- January 6, 2024
The growing fascination with self-driving vehicles has fueled a wave of intense study into the maritime sector, specifically targeting the creation of autonomous maritime vessels. The central challenge for these vessels is to navigate a predefined route on the ocean while bypassing barriers, accounting for water depths, and acknowledging the vessel’s maneuvering capabilities.
Straying from the designated route due to harsh weather conditions carries the threat of grave incidents, including collisions, groundings, or making unintended contact with objects. These vessels need to possess systems that effectually counter such deviations.
Current strategies to evaluate how well these autonomous ships stay on course typically lean on oversimplified ship models, which fall short in replicating the complex dynamics between the ship’s structure, the propulsion system, and various external pressures, resulting in poor accuracy of the ship’s navigational performance estimates.
The International Maritime Organization’s guidelines for the Energy Efficiency Design Index to cut down on greenhouse gas emissions have prompted the Marine Environmental Protection Committee to lay down rules for calculating the least amount of engine power necessary to preserve a ship’s ability to maneuver in challenging weather.
Given these circumstances and the pressing need to precisely gauge navigational performance, a group of international researchers headed by Associate Professor Daejeong Kim from the Division of Navigation Convergence Studies at the National Korea Maritime & Ocean University has thoroughly examined the navigational efficiency of these vessels in unkind sea states using an intricate computational fluid dynamics (CFD) simulation, coupled with a line-of-sight (LOS) steering mechanism.
“By harnessing a sophisticated CFD model that includes unsteady behavior and accounts for viscous and turbulent forces as well as the interaction with the water’s surface, we’ve managed to advance the accuracy of our predictions for navigational compliance,” Dr. Kim narrates.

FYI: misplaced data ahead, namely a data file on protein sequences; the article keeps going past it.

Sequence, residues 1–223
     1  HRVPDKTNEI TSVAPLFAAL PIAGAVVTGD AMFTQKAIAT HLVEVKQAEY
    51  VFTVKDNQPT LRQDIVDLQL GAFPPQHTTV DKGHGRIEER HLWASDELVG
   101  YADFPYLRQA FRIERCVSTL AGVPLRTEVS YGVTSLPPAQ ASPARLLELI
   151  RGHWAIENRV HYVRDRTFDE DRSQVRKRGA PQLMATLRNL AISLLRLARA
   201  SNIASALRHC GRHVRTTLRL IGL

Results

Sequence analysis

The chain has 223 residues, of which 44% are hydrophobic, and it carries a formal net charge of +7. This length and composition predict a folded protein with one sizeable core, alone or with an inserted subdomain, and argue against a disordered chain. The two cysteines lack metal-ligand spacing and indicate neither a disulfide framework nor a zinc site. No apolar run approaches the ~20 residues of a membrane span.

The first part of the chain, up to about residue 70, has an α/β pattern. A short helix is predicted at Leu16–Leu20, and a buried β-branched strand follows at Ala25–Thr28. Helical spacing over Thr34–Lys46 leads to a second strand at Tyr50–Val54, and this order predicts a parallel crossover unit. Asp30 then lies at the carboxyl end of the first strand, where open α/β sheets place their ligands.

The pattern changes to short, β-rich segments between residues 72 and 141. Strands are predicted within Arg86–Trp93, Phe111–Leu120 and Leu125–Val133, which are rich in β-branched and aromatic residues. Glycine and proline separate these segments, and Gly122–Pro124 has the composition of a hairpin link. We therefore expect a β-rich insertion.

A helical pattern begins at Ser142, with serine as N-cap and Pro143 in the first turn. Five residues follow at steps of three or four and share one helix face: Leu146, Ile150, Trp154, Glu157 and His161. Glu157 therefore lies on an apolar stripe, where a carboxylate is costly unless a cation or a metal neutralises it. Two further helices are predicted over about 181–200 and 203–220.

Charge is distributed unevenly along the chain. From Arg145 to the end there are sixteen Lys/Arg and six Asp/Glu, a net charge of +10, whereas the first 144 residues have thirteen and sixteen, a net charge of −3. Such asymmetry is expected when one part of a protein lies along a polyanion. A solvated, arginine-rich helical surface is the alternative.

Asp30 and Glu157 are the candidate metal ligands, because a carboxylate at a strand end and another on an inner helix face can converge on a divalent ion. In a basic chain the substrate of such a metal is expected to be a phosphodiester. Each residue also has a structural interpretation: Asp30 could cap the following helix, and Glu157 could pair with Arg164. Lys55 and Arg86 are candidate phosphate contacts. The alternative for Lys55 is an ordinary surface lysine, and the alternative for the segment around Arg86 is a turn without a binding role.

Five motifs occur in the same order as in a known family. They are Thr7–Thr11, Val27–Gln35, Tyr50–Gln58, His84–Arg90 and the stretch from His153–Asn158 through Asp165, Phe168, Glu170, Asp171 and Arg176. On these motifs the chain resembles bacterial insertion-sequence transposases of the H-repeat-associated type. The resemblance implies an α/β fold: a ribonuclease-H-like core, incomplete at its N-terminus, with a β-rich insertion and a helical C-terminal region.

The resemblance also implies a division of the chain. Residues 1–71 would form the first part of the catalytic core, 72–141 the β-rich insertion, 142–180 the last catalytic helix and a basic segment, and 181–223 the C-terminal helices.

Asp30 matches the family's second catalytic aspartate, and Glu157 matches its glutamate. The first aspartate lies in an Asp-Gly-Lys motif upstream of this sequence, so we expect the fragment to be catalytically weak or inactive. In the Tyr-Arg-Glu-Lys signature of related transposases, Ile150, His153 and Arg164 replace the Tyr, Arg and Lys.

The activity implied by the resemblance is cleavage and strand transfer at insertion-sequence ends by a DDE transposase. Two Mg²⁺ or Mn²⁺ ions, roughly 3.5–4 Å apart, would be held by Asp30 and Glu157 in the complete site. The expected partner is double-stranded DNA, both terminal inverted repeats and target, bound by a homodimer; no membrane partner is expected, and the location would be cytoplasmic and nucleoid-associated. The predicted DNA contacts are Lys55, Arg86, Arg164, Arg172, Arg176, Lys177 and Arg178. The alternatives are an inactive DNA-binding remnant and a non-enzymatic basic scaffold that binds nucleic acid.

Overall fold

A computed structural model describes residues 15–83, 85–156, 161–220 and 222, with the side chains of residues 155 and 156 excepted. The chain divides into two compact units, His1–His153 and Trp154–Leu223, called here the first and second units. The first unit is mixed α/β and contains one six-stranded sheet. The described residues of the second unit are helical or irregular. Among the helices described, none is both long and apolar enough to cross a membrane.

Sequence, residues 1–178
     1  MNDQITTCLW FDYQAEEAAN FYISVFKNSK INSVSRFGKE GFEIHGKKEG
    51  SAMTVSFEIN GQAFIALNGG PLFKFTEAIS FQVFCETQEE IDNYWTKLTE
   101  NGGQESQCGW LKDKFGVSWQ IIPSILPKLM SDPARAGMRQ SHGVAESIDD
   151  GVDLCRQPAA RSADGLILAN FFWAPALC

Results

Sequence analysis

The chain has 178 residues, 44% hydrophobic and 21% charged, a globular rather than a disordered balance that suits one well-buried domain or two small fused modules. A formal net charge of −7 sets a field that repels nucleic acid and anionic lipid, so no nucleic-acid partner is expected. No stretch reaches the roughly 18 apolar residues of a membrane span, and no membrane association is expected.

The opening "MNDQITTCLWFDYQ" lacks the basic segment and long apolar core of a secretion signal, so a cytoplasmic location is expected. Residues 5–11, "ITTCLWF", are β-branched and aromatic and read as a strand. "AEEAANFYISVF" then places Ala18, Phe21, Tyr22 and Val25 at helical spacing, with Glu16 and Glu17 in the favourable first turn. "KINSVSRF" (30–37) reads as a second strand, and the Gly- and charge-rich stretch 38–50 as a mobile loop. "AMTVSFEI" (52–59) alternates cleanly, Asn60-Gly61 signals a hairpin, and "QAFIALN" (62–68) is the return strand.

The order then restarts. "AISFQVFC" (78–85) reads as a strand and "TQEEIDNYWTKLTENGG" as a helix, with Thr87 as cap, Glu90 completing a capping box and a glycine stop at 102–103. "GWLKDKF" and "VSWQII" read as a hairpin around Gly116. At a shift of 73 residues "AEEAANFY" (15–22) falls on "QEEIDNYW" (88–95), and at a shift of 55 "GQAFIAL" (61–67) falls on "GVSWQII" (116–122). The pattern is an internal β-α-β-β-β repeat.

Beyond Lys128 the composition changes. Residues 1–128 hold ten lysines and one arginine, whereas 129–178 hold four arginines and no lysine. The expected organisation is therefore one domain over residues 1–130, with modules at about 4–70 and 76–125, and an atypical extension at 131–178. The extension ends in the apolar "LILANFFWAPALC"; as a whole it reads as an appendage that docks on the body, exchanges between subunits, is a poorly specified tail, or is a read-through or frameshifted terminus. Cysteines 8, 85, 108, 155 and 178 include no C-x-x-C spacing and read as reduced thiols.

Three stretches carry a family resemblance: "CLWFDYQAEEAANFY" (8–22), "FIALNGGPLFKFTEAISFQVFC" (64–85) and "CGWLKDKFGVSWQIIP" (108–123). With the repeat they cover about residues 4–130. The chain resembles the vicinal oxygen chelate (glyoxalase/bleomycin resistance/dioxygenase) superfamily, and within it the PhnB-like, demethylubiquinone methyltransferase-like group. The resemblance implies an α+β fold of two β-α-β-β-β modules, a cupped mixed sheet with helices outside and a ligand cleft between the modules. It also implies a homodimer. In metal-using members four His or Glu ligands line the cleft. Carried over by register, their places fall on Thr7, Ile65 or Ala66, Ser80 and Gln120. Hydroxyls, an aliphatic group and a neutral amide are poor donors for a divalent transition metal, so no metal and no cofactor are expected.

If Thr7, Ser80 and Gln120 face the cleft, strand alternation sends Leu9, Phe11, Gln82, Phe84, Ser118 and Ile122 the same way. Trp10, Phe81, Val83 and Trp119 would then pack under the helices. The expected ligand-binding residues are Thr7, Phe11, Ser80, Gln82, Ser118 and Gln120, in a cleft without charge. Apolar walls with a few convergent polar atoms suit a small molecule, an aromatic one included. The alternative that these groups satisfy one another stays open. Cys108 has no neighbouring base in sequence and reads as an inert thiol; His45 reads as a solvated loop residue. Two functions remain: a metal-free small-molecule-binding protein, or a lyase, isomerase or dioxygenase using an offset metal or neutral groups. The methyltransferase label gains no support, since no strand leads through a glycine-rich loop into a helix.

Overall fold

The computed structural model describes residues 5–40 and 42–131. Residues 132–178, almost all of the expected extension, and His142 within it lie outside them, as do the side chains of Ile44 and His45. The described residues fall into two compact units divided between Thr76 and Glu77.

Their research was showcased in the journal Ocean Engineering. The group leveraged the KRISO cargo ship design with its autonomous navigation system and examined the impact of inclement marine conditions, coming at the vessel from different angles, at varying speeds to note how the ship’s speed influenced its ability to remain on track.
Their simulations found that the ship’s path zigzagged in response to these conditions. Notably, the inconsistencies diminished with a boost in the vessel’s driving force – except in scenarios where the waves were hitting from behind at an angle, where engine strength appeared to have minimal impact on the deviations. The vertical lift and nose-to-tail tipping of the ship were largely affected by the wave directions. In every scenario, the ship’s tilting remained under 1.5 degrees. Despite this, the effectiveness of accelerating to enhance navigational steadiness could not be conclusively determined.
Dr. Kim elaborated on the broader significance of their findings: “Our advanced CFD model serves as a significant contribution toward improving secure autonomous sea travel. It also presents a cost-efficient alternative to small-scale free-navigation experiments or extensive full-scale sea trials.”
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